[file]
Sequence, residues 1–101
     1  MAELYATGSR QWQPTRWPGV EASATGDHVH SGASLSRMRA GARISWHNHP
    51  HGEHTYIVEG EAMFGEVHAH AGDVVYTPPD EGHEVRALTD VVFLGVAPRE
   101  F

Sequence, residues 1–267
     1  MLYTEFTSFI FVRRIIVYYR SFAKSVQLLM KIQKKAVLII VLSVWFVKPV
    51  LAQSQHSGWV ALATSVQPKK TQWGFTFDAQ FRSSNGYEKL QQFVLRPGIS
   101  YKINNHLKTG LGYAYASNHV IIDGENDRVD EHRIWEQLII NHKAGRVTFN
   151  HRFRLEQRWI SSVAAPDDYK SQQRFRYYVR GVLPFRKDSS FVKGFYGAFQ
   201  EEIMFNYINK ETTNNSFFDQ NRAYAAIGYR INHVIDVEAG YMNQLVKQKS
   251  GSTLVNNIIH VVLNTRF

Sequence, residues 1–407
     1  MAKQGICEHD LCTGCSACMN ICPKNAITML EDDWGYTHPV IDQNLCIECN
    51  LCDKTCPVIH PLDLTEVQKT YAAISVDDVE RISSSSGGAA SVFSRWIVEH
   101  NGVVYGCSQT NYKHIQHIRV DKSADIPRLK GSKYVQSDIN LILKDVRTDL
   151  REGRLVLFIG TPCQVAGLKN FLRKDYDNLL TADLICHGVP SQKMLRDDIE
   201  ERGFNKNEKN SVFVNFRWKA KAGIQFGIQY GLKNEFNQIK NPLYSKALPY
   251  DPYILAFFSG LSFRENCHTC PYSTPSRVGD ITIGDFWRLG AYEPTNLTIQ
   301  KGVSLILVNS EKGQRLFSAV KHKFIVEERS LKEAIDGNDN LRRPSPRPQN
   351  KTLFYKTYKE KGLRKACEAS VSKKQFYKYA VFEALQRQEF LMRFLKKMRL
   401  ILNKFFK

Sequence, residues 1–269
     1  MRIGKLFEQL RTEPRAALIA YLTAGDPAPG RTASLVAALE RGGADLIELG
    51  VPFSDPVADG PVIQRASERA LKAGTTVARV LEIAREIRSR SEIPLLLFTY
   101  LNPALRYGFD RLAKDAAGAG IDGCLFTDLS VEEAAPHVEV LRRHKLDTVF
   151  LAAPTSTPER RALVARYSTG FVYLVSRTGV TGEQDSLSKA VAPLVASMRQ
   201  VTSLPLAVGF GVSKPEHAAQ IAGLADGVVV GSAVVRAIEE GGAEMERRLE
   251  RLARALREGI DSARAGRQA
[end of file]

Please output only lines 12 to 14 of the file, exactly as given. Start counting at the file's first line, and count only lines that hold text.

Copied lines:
Sequence, residues 1–407
     1  MAKQGICEHD LCTGCSACMN ICPKNAITML EDDWGYTHPV IDQNLCIECN
    51  LCDKTCPVIH PLDLTEVQKT YAAISVDDVE RISSSSGGAA SVFSRWIVEH